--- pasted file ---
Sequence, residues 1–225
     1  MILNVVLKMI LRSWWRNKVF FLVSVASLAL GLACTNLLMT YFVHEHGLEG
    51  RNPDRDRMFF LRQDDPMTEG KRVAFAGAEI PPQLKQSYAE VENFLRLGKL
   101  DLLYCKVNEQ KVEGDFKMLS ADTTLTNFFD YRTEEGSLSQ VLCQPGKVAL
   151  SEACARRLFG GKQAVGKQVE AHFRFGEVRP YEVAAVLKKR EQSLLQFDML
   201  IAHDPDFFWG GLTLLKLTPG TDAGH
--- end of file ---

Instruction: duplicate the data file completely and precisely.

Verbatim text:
Sequence, residues 1–225
     1  MILNVVLKMI LRSWWRNKVF FLVSVASLAL GLACTNLLMT YFVHEHGLEG
    51  RNPDRDRMFF LRQDDPMTEG KRVAFAGAEI PPQLKQSYAE VENFLRLGKL
   101  DLLYCKVNEQ KVEGDFKMLS ADTTLTNFFD YRTEEGSLSQ VLCQPGKVAL
   151  SEACARRLFG GKQAVGKQVE AHFRFGEVRP YEVAAVLKKR EQSLLQFDML
   201  IAHDPDFFWG GLTLLKLTPG TDAGH